Friday

Bengals & Savannahs...Exotic Cats for Pets

A few decades ago, a cat breeder had a really wild idea.  


She saw that people wanted exotic cats as pets. She also saw how often those exotic pets were discarded as they grew from cute kittens to big, hard-to-manage adults.


So the cat breeder decided to breed a type of cat that was tame and affectionate, but still exotic in appearance.


She chose an Asiatic Leopard Cat, and bred it to a domestic cat. And after several generations of careful planning, what she got was exactly what she was hoping for...


Thursday

4 Stealth Mammals Uncovered in 2011



So we've all heard about the wolf in sheep's clothing.  


But what about the wolf in jackal's clothing?


Yes, it happened.


Last year, some people thought that there was something funny going on in the jackal world...



Monday

Yes, This Mouse Is Singing

In 1925, J. L. Clark discovered something unusual in a Detroit house. It was a mouse...that could sing.


He captured the mouse and listened to it singing in its cage.


It sounded like...



Hybrids: the good, the bad, and the really ugly

Sooo, Leapons and Narlugas. Amazing hybrid animals.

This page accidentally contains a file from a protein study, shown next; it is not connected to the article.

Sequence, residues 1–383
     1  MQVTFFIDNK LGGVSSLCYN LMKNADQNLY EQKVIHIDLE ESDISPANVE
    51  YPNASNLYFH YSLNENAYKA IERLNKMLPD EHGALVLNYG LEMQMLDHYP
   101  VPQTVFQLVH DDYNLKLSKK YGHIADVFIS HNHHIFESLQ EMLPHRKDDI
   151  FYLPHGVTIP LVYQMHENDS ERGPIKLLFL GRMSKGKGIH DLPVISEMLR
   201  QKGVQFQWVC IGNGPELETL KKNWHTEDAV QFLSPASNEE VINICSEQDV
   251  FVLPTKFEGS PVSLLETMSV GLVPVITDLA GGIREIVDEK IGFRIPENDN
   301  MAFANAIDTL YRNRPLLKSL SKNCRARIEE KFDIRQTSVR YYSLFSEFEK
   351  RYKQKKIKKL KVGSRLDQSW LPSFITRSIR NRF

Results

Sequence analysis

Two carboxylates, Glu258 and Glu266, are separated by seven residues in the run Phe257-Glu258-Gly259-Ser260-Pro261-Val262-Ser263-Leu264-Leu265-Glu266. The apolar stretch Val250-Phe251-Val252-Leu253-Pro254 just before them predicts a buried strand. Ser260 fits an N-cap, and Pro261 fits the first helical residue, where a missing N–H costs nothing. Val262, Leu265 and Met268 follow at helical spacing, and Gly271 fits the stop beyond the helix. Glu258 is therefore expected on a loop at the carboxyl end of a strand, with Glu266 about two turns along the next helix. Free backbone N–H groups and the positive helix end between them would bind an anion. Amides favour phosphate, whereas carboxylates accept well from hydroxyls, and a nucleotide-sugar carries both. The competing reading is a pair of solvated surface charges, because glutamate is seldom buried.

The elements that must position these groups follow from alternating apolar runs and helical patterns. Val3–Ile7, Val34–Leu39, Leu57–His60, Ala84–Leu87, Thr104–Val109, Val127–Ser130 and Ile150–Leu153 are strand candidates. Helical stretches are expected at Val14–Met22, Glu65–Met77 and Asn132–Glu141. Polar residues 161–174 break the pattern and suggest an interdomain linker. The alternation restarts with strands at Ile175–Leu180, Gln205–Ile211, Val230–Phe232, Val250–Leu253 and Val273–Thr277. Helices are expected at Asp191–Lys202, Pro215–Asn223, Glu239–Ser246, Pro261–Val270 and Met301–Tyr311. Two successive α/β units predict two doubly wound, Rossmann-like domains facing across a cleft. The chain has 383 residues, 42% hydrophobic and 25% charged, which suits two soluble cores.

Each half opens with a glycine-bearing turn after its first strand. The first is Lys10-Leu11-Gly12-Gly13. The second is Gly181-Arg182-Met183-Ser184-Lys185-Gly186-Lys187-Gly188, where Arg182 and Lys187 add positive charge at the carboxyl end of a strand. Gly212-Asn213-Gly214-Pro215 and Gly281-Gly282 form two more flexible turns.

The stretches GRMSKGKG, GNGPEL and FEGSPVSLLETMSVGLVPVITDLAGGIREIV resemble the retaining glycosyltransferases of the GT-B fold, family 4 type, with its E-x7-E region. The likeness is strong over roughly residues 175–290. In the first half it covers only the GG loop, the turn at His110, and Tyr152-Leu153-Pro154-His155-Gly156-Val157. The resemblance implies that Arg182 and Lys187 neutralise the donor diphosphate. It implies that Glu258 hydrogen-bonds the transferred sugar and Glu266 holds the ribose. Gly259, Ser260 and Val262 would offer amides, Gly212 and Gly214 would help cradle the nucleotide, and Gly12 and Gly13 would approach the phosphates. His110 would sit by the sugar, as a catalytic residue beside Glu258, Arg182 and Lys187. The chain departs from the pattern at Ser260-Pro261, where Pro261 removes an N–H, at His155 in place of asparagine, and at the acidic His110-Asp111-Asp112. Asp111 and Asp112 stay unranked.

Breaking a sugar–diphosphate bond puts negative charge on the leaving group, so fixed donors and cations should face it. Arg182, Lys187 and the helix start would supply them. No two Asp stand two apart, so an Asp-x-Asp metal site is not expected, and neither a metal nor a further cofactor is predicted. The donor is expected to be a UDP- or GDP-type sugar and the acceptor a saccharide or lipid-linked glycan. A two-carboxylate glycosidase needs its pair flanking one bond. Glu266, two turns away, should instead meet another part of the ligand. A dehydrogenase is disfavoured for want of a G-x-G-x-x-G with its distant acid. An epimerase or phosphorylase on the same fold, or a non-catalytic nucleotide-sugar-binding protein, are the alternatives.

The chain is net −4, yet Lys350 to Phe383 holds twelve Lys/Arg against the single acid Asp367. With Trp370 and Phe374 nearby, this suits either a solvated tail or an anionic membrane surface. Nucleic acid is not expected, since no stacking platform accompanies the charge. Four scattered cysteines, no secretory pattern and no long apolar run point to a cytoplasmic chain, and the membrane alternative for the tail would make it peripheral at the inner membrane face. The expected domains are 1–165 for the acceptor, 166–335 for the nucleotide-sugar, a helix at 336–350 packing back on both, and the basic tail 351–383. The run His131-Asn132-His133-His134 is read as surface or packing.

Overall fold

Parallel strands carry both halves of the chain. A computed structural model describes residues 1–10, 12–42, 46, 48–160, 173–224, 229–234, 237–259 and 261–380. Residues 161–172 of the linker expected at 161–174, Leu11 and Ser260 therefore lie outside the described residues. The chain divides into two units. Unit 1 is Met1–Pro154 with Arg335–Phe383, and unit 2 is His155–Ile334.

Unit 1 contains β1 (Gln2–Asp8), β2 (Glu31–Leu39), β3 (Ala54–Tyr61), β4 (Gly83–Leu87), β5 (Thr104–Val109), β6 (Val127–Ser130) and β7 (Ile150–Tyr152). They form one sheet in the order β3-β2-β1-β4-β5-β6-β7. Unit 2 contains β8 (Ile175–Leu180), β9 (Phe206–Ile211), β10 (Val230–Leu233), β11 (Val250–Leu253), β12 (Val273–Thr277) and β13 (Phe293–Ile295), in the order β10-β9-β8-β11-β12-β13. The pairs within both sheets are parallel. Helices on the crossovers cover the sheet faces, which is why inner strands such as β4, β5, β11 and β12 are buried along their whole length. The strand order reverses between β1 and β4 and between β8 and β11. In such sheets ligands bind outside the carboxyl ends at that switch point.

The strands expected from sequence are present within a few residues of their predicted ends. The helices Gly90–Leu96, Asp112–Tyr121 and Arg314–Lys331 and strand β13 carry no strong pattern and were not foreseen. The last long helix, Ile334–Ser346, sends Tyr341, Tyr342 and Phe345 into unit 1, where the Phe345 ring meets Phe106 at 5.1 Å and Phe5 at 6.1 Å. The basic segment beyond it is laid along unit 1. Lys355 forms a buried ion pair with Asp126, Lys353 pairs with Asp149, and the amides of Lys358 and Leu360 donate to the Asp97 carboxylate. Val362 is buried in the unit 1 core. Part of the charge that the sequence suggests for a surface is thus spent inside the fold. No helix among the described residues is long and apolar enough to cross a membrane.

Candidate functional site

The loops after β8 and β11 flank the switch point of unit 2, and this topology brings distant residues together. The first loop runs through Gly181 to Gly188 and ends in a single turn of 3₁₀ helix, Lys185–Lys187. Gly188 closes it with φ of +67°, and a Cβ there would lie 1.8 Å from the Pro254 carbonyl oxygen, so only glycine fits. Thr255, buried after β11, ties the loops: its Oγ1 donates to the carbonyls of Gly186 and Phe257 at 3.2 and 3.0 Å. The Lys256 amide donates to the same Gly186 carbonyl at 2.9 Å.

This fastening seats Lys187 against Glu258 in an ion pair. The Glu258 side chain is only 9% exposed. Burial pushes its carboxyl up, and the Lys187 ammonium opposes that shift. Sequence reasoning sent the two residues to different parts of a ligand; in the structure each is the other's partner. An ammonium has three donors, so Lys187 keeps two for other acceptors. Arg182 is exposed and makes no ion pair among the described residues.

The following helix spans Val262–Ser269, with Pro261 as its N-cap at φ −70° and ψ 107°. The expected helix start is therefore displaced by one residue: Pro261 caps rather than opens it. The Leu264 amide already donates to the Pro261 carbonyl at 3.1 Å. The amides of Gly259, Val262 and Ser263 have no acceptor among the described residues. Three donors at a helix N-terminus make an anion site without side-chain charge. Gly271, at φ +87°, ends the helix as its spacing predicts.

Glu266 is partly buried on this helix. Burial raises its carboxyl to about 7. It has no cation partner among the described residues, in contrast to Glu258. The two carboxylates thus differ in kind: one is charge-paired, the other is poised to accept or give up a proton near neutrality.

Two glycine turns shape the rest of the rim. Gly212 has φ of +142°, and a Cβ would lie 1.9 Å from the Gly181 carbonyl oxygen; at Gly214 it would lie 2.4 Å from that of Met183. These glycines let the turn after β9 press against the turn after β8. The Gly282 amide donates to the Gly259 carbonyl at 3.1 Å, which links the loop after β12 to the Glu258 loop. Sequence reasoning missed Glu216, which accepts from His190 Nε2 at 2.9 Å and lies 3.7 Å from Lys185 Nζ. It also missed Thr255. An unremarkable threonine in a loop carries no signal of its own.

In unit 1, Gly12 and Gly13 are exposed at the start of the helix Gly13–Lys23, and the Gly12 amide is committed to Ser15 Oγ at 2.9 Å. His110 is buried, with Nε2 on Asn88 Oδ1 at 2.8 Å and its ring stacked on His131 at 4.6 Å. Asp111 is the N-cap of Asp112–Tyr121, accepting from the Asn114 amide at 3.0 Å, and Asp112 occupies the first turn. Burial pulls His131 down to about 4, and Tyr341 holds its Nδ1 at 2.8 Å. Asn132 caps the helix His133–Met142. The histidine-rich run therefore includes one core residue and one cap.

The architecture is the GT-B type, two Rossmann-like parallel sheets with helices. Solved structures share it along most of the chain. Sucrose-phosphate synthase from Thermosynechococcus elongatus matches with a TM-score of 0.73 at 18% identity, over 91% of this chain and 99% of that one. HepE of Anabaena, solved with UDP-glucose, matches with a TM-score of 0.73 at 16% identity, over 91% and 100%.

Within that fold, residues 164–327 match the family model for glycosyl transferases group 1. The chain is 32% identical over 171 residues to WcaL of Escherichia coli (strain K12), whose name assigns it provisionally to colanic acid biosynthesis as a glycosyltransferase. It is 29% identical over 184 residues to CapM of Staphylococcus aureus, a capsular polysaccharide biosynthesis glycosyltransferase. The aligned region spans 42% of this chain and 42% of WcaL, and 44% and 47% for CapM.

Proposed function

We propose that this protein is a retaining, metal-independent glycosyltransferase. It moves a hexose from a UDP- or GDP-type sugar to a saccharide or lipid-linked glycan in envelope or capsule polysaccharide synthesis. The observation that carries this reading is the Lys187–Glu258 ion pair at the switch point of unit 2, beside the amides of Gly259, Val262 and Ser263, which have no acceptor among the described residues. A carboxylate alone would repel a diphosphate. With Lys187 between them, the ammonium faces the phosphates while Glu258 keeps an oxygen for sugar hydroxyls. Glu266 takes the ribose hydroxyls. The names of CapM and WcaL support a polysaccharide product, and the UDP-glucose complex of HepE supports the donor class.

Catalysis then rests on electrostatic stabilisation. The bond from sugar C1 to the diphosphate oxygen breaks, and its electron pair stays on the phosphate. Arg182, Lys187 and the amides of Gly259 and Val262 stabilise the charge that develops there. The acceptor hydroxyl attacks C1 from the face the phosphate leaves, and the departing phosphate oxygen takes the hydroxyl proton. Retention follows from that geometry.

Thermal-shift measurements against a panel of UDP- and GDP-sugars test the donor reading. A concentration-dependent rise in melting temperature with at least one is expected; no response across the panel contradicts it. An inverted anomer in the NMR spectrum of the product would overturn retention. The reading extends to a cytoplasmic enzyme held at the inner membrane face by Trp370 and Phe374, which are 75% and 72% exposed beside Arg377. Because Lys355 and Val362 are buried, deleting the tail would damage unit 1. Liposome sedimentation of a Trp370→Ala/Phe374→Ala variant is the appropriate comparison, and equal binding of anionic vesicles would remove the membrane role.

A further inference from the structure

But what's a hybrid?  It's the result of a mating between two animal species, subspecies, genera, or family.

Hybrids are interesting because they're unusual...most animals that hybridize do so because of scarcity of mates in their own species, or changing territory patterns due to weather or other pressures.


Narlugas are the offspring of beluga whales and narwhals.  Though seen in the wild, there has not been one actually captured.
Check out the photos below:

Grolar Bears and Pizzlies...



You know I love Polar bears.  What you don't know is that I feel the opposite about Grizzlies.

Grizzly bears, to me, are frightening and huge and unpredictable; which really, Polar bears are, too...but Polar bears look cuter while doing it!  :)

Polar bears live at the top of the world, in the arctic regions. Grizzly bears live near streams and trees. But as the icepack gets smaller, more grizzlies venture farther north. 

Check out the maps of their ranges... do you see anything interesting?